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Two Officers Cleared In Jury Trial, Then Chief Fires Them Anyway

Austin Police Chief Brian Manley said he didn't believe the officers' memories had been affected by stress in a memo.

Austin, TX – The Austin Police Department (APD) fired two officers on Monday who were recently cleared of wrongdoing by a Travis County jury, and the police union is outraged.

A jury found Austin Police Officers Donald Petraitis and Robert Pfaff not guilty of tampering with physical evidence, tampering with government records, assault, official oppression, and abuse of official capacity in December of 2018, the Statesman reported.

Officer Pfaff was also exonerated on a perjury charge at the same time.

But that wasn’t good enough for Austin Police Chief Brian Manley. On Monday, he released the officers’ disciplinary memos and announced they had both been terminated.

Officers Petraitis and Pfaff faced trial for an incident that occurred in February of 2018, when the officers responded to a shooting scene near 12th and Red River Streets, KTBC reported.

There was a big crowd on hand, and the officers ordered the witnesses to get on the ground because they did not know who in the group had weapons.

Quentin Perkins, who later admitted he was high on PCP at the time, failed to comply with all of the officers’ commands and got Tased, KTBC reported.

Prosecutors argued that the officers had lied about the details of the incident to justify tasing Perkins.

They accused Officer Petraitis and Pfaff of excessive use-of-force for tasing Perkins while he was on his knees with his hands in the air, KVUE reported.

However, bodycam video from the scene showed that the officers had actually told Perkins to lay down and put his head on the ground and he had failed to comply with those orders.

But the version of events in police reports submitted by Officers Petraitis and Pfaff did not exactly match the incident as it unfolded on other officers’ bodycam videos from the scene, despite the officers knowledge that the incident was being recorded, the Statesman reported.

Defense attorneys argued that the memories and perception of the officers’ may have been affected by the stress they were under at the scene.

After the officers were cleared of their charges by a Travis County jury, they expected to be returned to duty.

However, the Austin PD determined that the officers’ use of a Taser was “inappropriate, unnecessary, objectively unreasonable, and a violation of department policy,” KXAN reported.

The officers’ attorneys said they plan to appeal former Officers Petraitis and Pfaff’s terminations.

“We were hopeful that lessons had been learned from the evidence we presented in the criminal trial, particularly the scientific evidence regarding human perception from a tenured UT psychology professor, as well as the evidence we elicited from APD’s own training academy officers who instructed Officers Petraitis and Pfaff on Taser use,” attorneys for the officers, Ken Ervin and Doug O’Connell, said in a statement, according to the Statesman.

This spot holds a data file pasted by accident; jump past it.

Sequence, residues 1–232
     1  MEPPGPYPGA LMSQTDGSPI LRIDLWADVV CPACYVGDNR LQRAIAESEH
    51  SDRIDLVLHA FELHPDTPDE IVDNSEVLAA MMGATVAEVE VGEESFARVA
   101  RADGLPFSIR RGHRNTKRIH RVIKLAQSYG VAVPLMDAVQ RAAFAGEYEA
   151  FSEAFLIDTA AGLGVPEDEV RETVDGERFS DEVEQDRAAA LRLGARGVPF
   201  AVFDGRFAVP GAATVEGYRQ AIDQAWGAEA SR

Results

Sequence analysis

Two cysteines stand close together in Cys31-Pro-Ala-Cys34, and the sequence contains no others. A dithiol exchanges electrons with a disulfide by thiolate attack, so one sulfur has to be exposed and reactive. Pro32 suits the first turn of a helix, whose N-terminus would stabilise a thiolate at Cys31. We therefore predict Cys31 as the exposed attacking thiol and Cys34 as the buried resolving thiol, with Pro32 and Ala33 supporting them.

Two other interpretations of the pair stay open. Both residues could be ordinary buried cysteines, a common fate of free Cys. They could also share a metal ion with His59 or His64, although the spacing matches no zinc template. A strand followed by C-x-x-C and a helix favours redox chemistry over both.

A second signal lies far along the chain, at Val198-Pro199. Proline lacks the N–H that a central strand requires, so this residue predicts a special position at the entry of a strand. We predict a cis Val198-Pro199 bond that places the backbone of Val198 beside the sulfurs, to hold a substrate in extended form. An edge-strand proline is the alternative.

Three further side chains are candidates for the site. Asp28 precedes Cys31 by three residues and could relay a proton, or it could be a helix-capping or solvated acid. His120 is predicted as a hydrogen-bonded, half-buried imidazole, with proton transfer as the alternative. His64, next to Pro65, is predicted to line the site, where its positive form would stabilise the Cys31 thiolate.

The announcement that the officers had been fired came as the clock ran out on the latest deadline for the chief to determine the officers’ fate.

In the disciplinary memo he released, Chief Manley said that parts of the officers’ reports were “simply not true,” and he accused the officers of coordinating their stories as a coverup, the Statesman reported.

“But for the event being fortuitously captured on [a body camera], we would never know what actually happened to Mr. Perkins,” the chief wrote. “Mr. Perkins was not standing, was not looking towards the creek as if planning on trying to get away, and was not attempting to walk away when the decision was made to deploy the Taser.”

“I find it improbable that both officers came up with a similar version of events, which included things that did not happen … as well as not recalling what actually did happen,” Chief Manley continued. “I have serious concerns that Officer Pfaff and Petraitis got their stories straight before they spoke with [a supervisor] and prepared their reports and the probable cause affidavit.”

He said he didn’t believe the officers’ story that they had misremembered because they were under stress, the Statesman reported.

“A claim that the officers were under such extreme stress that they suffered some type of memory lapse, amnesia, incorrectly perceived the events, or got the events out of sequence is without merit,” the chief wrote. “These are two senior officers with extensive experience and training.”

The Austin police officers’ union fired back at Chief Manley’s memo and said they were “sickened” by it, the Statesman reported.

“Plenty of science and research exists and is readily available on the topics of perception, attention, memory, sensory overload and a host of other reasons that people don’t remember situations the same way a camera can record them,” Union President Ken Casaday and Vice President Thomas Villarreal wrote in a combined statement. “This was information that was given at trial.”

Sandy Malone - March Tue, 2019


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